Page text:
On sunny days I ate my lunch at Wilson Park; it was here that I fell for Sayvon. His mother was white, but his beautiful caramel complexion and curly hair, suggested his father was African American. When Sayvon smiled, his eyes became tiny slits and his face scrunched right up. He wore the same filthy clothes for days on end and spent most of his time in the sandbox digging with old plastic cups or other pieces of garbage he found littered in the park.
Sayvon’s mother had bleached blonde hair with black roots and a faded tattoo of a skull and cross bones on her bicep. She wore her clothes two sizes too small, accentuating the fact that she was carrying an extra twenty pounds. She never interacted with Sayvon, just smoked cigarettes on the bench. I ate my tuna salad willing her to push him in the swing or catch him at the bottom of the slide.
The first time I heard her speak to Sayvon it was because they needed to leave the park. “Are you deaf or somethin’? Do I need to slap you, for you to come when I call?”
Soon, Sayvon’s mother started acknowledging me with a smile or a wave. And it wasn’t long before she asked me to watch him, for a few minutes while she went to the store or the restroom. I didn’t mind because this meant I could play with him and I could tell he appreciated me. I’d swing him high in the air, and he’d giggle when I grabbed his toes. He was smart too. I taught him all the words to “You Are My Sunshine” in about fifteen minutes.
It didn’t take too long to figure out that Sayvon’s mother was off getting stoned out of her mind while I pushed rocks through the sand making truck noises with her son. She’d come back all jumpy and talking up a storm; her words melded together making her speech disjointed. I told April, the receptionist at work, about it and she said, “Call the authorities. That woman doesn’t deserve to be a mother.”
“Yeah. What would they do?” I asked.
“They’d yank that kid out of there so fast, it’s not even funny. He’d be in a nice suburb with a decent family in no time.”
Then one day, I came to the park and Sayvon and his mother weren’t there. I went back each day looking for Sayvon, but he was nowhere in sight. I asked a few people at the park if they’d seen him, but no one had. After work, I would come home, and the cats would pounce on me, desperate to be fed. I fed each one in their special area — they were so particular. I always fell asleep on the couch after I ate my T.V. dinner. My sleeping was so erratic — bad dreams kept waking me up. I kept dreaming that Sayvon was lost and crying, calling for me. I searched and searched, but his cries seemed further and further away. He told me how much he missed me and asked me to play with him. “I’m here, I’m here, Sayvon,” I yelled out waking myself up. I was sweaty and my face was smashed into the corner; the couch pillow nearly smothered me. I knew my dreams meant that Sayvon was distraught and missed our time in the park.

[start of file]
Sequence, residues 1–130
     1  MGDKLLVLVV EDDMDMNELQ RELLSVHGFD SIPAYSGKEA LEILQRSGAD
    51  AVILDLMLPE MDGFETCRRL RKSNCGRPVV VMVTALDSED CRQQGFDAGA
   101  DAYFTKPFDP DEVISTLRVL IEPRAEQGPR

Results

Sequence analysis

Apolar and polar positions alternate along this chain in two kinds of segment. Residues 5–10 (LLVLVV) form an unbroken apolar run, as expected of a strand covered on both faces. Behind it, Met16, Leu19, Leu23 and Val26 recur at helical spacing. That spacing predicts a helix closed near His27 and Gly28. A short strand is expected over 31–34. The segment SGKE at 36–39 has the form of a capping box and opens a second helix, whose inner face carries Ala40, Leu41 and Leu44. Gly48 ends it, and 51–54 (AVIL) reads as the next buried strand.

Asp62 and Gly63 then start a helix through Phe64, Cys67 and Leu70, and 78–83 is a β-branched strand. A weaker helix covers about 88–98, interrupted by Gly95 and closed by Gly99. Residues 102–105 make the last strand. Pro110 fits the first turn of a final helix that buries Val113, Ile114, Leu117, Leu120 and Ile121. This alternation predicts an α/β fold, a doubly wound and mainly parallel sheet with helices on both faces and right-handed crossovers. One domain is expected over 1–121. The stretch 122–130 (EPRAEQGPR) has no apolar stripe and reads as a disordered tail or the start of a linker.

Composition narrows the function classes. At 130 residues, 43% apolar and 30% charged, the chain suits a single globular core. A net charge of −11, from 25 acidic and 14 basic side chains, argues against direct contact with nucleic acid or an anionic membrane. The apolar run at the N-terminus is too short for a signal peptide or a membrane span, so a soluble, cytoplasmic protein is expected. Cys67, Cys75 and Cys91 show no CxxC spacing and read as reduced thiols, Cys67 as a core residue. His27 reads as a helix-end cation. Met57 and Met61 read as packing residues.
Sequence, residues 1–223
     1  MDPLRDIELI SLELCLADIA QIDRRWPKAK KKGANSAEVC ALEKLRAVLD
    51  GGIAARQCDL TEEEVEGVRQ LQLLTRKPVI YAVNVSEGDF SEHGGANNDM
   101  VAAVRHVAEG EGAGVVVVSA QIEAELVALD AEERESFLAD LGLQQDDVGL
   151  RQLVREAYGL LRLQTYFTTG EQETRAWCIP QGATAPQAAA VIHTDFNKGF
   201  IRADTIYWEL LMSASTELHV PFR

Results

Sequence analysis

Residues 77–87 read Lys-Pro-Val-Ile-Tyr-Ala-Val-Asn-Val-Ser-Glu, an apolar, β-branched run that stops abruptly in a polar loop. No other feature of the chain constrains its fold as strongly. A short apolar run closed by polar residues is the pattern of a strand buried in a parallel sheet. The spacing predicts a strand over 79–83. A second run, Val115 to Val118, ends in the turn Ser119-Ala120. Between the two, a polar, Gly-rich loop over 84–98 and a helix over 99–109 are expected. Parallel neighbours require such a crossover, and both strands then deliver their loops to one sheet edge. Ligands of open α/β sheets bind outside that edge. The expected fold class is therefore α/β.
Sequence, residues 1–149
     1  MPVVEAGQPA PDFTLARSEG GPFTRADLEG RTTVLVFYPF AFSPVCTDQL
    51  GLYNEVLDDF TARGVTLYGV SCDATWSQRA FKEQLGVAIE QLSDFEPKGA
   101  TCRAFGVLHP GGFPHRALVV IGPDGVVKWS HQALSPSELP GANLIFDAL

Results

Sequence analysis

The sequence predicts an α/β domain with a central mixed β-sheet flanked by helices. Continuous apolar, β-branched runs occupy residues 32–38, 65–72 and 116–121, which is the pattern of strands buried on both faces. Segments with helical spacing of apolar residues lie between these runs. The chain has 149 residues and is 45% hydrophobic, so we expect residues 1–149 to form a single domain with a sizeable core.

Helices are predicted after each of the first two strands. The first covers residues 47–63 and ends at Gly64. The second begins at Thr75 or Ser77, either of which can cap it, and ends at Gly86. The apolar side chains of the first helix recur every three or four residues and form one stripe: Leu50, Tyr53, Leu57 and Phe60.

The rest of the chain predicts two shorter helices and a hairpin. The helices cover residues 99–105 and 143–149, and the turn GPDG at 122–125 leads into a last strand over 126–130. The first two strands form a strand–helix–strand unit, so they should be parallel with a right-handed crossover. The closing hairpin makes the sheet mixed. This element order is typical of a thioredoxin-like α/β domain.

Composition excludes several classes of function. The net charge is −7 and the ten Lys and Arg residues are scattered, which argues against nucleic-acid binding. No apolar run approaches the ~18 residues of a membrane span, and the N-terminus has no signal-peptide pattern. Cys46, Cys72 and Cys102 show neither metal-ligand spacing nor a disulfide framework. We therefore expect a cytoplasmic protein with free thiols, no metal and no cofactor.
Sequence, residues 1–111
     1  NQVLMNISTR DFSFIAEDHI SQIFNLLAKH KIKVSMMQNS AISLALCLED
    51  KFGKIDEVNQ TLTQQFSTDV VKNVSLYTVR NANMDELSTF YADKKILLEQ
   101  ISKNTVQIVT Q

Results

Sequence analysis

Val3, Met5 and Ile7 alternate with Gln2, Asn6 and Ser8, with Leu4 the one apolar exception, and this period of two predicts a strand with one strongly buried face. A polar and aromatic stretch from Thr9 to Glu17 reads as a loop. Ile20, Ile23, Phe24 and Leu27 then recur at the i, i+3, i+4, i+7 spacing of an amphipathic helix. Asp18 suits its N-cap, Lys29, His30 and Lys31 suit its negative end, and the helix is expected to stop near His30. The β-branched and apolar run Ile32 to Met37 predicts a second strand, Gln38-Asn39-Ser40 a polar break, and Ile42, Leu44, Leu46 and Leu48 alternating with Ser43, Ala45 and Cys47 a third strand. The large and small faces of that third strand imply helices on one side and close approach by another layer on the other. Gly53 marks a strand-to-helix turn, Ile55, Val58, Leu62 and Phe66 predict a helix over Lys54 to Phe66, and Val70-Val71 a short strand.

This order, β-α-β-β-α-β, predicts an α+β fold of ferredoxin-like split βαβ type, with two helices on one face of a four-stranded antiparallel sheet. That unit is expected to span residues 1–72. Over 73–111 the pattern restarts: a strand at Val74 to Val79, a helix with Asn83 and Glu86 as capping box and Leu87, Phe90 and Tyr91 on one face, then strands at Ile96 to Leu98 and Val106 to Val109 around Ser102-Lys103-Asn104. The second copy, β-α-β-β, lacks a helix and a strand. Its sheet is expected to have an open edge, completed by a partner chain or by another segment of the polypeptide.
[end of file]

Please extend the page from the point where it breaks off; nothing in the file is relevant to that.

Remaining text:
Then one Thursday, Sayvon was back, clean and bathed. His mom was crouched down helping him dig in the sandbox; each had a new shovel in hand. I could hear Sayvon’s infectious laugh as she intentionally buried his foot in the sand. I guess the sand tickled his foot, but I didn’t think he liked getting his feet all dirty. When she saw me she waved for me to come over. “Hi, you know, I don’t even know your name.”
“Rae Ann. My name is Rae Ann,” I said.
“Rae Ann, I’m Sherry. Thank you for watchin’ Sayvon all those times. I’ve been tryin’ to kick a very bad habit, but I think I got it beat.”
“No problem. He’s a sweet boy.”
Then on Friday, Sayvon was still dressed in Thursday’s clothes and Sherry looked a little weary, but she was at least pushing him in the swing. His eyes squinted in the sun and he smiled as his mom pulled back on the swing. She didn’t even grab his toes or sing to him like I did.
“Hi,” she said when she saw me.
“Hi. How ya doin’?”
“All right. Last night was a little rough. Sayvon’s daddy and me got into a big fight and I was feelin’ pretty low. I did use some, but then I threw the pipe out. I’m flat broke and that’s probably for the best ‘cause this weekend’s gonna be rough. I’ve got a funeral to go to. I hate funerals. I guess nobody likes ‘em, but I just hate ‘em. I just need to stay strong.”
“Yeah. You need to stay strong,” I said. “Hey, Sayvon. Did you get a new shovel?” Sayvon didn’t even look at me.
“He’s just bein’ shy,” said Sherry.
“Um…that’s odd, he’s never been shy with me before. Listen, please take this,” I said as I reached into my wallet for some money. I put the bills into her hand and watched her eyes light up.
Monday when I got to the park, Sherry was waiting for me in the parking lot. Her eyes were dark and sunken in and her hair was a tangled mess.
“Can you watch Sayvon for me?” she asked.
“Sure. No problem.”
I smiled as I watched her drive away. I opened my purse and pulled out the bright yellow tractor and dump truck I’d purchased on the weekend.
Amy Corbin has been or will soon be published in filling Station, The Cynic, Ascent Aspirations, Shine, Every Day Poets, Every Day Fiction, Haruah: A Breath of Heaven, Ignavia Press, Flask and Pen, The Battered Suitcase, Flashes in the Dark, Short Story Library, Smokebox, Writers’ Stories, Wanderings, and Boston Literary Magazine.